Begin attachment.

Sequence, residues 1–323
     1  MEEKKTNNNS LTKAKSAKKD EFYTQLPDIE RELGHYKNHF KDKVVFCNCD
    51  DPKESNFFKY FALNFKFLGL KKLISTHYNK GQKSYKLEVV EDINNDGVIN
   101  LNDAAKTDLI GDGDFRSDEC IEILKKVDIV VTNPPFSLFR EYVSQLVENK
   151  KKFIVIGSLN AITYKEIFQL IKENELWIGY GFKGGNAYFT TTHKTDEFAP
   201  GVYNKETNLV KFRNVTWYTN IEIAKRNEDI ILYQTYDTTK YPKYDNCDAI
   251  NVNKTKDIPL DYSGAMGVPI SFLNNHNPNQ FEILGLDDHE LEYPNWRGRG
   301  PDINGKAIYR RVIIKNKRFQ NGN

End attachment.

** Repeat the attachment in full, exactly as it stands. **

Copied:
Sequence, residues 1–323
     1  MEEKKTNNNS LTKAKSAKKD EFYTQLPDIE RELGHYKNHF KDKVVFCNCD
    51  DPKESNFFKY FALNFKFLGL KKLISTHYNK GQKSYKLEVV EDINNDGVIN
   101  LNDAAKTDLI GDGDFRSDEC IEILKKVDIV VTNPPFSLFR EYVSQLVENK
   151  KKFIVIGSLN AITYKEIFQL IKENELWIGY GFKGGNAYFT TTHKTDEFAP
   201  GVYNKETNLV KFRNVTWYTN IEIAKRNEDI ILYQTYDTTK YPKYDNCDAI
   251  NVNKTKDIPL DYSGAMGVPI SFLNNHNPNQ FEILGLDDHE LEYPNWRGRG
   301  PDINGKAIYR RVIIKNKRFQ NGN